• Time Travel Escape: History professor and Holocaust scholar Aaron Zgierski is taken back to Auschwitz by time traveler Nicholas Prentice (who turns out to be Zgierski's own great grandson). While there, they rescue Aaron's "older" sister (who is only eight at the time), who history records as being executed in a gas chamber, into the future to live out her life free of Nazi oppression. They also do the reverse with the man Aaron is trying to expose in the present as a former Nazi camp guard. Future history records that right before his arrest he fled the country and was never seen again. He disappeared because Aaron and Prentice kidnapped him and left him in the past dressed as an Auschwitz prisoner where his past self executes him.
  • Translation Convention: In the opening scene, which takes place in Auschwitz in 1944, SS-Obersturmführer Karl Rademacher speaks German before switching to English when he addresses a female Jewish prisoner with the implication he will rape her. Later in the episode, Aaron Zgierski, Leon's son who has traveled back in time from 1999, converses with the inmates in Polish until he sees his father as a young man and it again switches to English. When the older Rademacher is confronted with his younger self in 1944, their conversation is presented in English but the implication is that is in fact taking place in German.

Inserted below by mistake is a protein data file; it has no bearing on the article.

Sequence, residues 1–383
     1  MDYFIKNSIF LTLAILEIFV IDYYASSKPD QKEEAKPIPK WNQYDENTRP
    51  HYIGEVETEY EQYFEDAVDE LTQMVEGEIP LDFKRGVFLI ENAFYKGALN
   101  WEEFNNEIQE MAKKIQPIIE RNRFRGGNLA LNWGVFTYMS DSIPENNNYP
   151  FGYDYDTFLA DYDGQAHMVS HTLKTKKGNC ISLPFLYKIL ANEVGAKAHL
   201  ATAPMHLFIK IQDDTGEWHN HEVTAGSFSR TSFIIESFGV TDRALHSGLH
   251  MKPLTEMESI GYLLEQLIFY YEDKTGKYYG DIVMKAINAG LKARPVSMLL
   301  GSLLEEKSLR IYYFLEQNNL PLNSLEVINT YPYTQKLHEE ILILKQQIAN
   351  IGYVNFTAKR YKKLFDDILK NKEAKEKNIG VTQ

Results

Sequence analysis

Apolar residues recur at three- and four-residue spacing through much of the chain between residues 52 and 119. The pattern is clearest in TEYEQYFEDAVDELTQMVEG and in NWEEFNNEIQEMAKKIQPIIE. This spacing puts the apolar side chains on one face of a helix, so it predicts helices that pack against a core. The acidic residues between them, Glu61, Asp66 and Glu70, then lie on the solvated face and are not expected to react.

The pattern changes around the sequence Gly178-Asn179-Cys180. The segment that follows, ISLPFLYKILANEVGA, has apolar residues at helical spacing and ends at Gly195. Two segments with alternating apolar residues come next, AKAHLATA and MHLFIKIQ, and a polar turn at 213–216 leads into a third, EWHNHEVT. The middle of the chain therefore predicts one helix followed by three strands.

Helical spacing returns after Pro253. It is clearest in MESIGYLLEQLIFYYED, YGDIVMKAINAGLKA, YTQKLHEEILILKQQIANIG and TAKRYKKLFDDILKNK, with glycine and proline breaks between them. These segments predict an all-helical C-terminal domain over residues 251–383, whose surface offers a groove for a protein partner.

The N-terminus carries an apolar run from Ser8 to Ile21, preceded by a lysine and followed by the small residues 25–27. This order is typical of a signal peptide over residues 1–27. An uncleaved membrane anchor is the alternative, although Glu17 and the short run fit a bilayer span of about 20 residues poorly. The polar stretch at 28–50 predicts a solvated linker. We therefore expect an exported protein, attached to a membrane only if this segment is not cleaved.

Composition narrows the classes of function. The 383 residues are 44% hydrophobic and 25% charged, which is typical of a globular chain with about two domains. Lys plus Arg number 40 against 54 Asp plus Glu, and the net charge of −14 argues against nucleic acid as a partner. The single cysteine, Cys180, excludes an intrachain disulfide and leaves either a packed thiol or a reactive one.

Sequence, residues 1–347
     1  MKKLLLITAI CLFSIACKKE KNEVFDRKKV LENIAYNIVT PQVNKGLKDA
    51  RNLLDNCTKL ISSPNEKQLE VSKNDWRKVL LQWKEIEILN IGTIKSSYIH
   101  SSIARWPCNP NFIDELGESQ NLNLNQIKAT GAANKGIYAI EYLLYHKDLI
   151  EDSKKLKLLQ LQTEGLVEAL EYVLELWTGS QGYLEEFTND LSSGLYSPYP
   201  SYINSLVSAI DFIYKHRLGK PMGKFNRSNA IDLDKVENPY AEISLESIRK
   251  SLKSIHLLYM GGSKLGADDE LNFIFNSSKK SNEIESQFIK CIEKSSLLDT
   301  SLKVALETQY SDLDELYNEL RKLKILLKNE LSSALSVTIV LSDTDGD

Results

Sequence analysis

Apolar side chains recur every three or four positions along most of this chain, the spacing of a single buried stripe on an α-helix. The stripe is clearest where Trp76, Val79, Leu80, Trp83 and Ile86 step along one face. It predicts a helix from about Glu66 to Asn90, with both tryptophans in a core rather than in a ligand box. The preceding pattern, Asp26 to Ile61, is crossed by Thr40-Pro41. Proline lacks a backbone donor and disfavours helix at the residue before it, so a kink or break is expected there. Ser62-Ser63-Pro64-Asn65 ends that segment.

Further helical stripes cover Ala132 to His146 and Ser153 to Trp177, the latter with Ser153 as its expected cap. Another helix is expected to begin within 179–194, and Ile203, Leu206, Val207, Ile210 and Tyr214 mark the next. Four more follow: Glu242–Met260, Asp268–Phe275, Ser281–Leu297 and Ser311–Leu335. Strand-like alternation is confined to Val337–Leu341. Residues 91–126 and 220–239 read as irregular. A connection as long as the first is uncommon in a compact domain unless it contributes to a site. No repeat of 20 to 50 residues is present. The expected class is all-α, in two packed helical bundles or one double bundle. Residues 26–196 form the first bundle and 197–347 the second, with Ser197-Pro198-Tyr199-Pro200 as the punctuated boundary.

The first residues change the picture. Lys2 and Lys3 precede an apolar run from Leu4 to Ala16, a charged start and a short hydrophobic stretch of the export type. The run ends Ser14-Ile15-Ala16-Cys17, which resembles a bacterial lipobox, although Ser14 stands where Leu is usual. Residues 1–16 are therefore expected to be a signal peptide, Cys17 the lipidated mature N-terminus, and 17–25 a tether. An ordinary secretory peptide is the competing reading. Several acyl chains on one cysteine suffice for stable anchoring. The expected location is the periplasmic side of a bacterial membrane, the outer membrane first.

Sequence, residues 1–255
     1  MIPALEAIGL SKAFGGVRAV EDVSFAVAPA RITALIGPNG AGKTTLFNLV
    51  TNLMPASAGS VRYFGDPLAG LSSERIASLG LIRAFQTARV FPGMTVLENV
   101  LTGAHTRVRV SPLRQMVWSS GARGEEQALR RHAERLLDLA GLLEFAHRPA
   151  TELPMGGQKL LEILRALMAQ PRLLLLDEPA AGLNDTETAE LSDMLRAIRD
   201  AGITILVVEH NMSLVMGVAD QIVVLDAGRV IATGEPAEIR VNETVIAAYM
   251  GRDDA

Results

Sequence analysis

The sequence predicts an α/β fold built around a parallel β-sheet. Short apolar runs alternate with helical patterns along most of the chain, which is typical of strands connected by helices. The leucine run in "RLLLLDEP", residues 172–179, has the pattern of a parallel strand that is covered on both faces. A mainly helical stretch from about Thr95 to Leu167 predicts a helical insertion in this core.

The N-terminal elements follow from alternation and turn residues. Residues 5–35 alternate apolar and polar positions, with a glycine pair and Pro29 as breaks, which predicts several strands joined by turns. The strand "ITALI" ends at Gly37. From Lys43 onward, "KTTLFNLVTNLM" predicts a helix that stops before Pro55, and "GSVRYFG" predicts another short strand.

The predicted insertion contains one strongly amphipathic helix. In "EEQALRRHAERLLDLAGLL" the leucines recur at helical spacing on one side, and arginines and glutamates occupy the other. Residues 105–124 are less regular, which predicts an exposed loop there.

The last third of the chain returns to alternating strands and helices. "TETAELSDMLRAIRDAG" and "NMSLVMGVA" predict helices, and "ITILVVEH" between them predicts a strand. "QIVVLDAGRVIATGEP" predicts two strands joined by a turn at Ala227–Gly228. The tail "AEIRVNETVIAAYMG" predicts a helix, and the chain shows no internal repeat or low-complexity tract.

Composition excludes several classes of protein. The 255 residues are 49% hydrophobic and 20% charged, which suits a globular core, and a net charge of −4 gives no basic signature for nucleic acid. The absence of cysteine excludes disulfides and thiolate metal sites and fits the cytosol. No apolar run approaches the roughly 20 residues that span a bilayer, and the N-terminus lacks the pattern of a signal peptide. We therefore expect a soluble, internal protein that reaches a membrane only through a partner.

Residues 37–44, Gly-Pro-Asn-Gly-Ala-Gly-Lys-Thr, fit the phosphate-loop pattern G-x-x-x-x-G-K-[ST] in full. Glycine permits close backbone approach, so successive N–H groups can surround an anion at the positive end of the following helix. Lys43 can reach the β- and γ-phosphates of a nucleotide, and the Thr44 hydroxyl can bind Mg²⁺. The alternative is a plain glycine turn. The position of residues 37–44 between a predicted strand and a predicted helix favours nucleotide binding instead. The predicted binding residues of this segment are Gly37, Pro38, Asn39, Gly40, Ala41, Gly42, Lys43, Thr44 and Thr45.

• Trust Password: The elderly Karl Rademacher from 1999 is brought back to Auschwitz in 1944 by Aaron Zgierski and Nicholas Prentice and forced to dress in the clothes of an inmate. When he is brought before him, he tries to convince the younger Rademacher that he is him from more than 50 years in the future by relating what happened on his tenth birthday: his father gave him a green bicycle and beat him when he drove it into a river. The younger Rademacher is disturbed by this since, as far as he knows, there is no way that this elderly Jewish prisoner could have known about that incident. He then shoots his older self in the head.
  • Working with the Ex: This episode features the son of a Holocaust survivor attempting to bring a suspected concentration camp commandant to justice, with his ex-wife offering somewhat reluctant assistance in the matter.
  • You Already Changed the Past: History professor and Holocaust scholar Aaron Zgierski is taken back to Auschwitz by time-traveler Nicholas Prentice (who turns out to be Zgierski's own great-grandson). While there, they rescue Aaron's "older" sister (who is only eight at the time) by bringing her into the future to live out her life free of Nazi oppression. History recorded Aaron's sister as dying at Auschwitz after being "dragged away" by a couple of guards, who were actually Zgierski and Prentice in disguise.